Synopses & Reviews
In this masterful and often surprising sequel to the acclaimed Duane's Depressed
, the Pulitzer Prize- and Oscar-winning author of Lonesome Dove
has written a haunting, elegiac, and occasionally erotic novel about one of his most beloved characters. Duane Moore first made his appearance in The Last Picture Show
and, like his author, he has aged but not lost his vigor or his taste for life.
Back from a two-week trip to Egypt, Duane finds he cannot readjust to life in Thalia, the small, dusty, West Texas hometown in which he has spent all of his life. In the short time he was away, it seems that everything has changed alarmingly. His office barely has a reason to exist now that his son Dickie is running the company from Wichita Falls, his lifelong friends seem to have suddenly grown old, his familiar hangout, once a good old-fashioned convenience store, has been transformed into an "Asian Wonder Deli," his daughters seem to have taken leave of their senses and moved on to new and strange lives, and his own health is at serious risk.
It's as if Duane cannot find any solace or familiarity in Thalia and cannot even bring himself to revisit the house he shared for decades with his late wife, Karla, and their children and grandchildren. He spends his days aimlessly riding his bicycle (already a sign of serious eccentricity in West Texas) and living in his cabin outside town. The more he tries to get back to the rhythm of his old life, the more he realizes that he should have left Thalia long ago indeed everybody he cared for seems to have moved on without him, to new lives or to death.
The only consolation is meeting the young, attractive geologist, Annie Cameron, whom Dickie has hired to work out of the Thalia office. Annie is brazenly seductive, yet oddly cold, young enough to be Duane's daughter, or worse, and Duane hasn't a clue how to handle her. He's also in love with his psychiatrist, Honor Carmichael, who after years of rebuffing him, has decided to undertake what she feels is Duane's very necessary sex reeducation, opening him up to some major, life-changing surprises.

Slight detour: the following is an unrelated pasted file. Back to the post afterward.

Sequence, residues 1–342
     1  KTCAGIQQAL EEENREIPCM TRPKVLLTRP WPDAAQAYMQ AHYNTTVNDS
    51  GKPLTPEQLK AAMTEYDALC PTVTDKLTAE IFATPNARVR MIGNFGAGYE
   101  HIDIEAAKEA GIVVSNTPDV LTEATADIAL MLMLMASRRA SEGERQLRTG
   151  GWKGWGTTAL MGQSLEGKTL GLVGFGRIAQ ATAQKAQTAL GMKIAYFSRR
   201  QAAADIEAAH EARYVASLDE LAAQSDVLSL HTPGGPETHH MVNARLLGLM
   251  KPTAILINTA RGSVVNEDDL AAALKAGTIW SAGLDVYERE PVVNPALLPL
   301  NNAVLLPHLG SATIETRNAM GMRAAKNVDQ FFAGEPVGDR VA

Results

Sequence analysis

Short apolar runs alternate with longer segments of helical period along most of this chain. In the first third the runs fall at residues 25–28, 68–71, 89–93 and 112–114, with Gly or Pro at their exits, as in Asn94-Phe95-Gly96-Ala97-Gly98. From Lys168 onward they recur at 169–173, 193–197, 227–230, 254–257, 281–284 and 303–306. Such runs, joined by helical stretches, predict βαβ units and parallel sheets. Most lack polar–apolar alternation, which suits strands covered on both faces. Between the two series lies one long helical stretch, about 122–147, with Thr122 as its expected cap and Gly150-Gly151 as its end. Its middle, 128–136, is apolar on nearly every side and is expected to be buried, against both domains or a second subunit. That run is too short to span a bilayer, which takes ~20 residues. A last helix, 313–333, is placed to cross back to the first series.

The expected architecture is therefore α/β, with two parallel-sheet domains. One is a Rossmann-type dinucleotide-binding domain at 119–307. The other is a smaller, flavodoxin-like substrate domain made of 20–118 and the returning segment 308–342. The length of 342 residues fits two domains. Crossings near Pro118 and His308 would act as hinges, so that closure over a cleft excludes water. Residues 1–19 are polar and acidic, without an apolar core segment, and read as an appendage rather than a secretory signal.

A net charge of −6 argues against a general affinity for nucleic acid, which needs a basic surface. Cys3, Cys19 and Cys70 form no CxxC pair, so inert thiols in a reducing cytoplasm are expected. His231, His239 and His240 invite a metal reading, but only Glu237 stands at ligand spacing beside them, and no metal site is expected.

For the lesson of When the Light Goes is that where there's life, there is indeed hope Duane, widowed, displaced from whatever is left of his own life, suddenly rootless in the middle of his own hometown, and at risk of death from a heart that also doesn't seem to be doing its job, is in the end saved by sex, by love, and by his own compassionate and intense interest in other people and the surprises they reveal.
At once realistic and life-loving, often hilariously funny, and always moving, though without a touch of sentimentality, Larry McMurtry has opened up a new chapter in Duane's life and, in doing so, written one of his finest and most compelling novels to date, doing for Duane what he did so triumphantly for Aurora in Terms of Endearment.
"With less than happy results, McMurtry picks up the story of Duane Moore (Duane's Depressed) two years after he left him alone in a remote Texas cabin, suddenly widowed and among his fractious brood. As Duane, now 64, returns from an impromptu trip to Egypt, he's confronted by Anne Cameron, a young, flirtatious computer expert hired by Duane's son, Dickie (now manager of the small family oil company). Although smitten, Duane is still haunted by the memory of his wife, Karla, and also succumbs to a lassitude about his sex drive that ultimately reveals a more serious health problem. His therapist, Honor Carmichael, decides (after the death of her lover) that all Duane needs is some self-confidence, so she temporarily sets aside her professional ethics (and her lesbianism) to come to his aid. In the meantime, old friends die, as does his tiny town of Thalia (setting of six McMurtry novels, finally swallowed up by creeping sprawl), and his daughters annoy him. Bereft of subplot or complications, this slim novel reads like a short story, and the second half is dominated by vivid but curiously clinical sex scenes. Although amusing in places and full of sharp McMurtry observations and sentences, it's as weak a book as he has produced." Publishers Weekly (Copyright Reed Business Information, Inc.)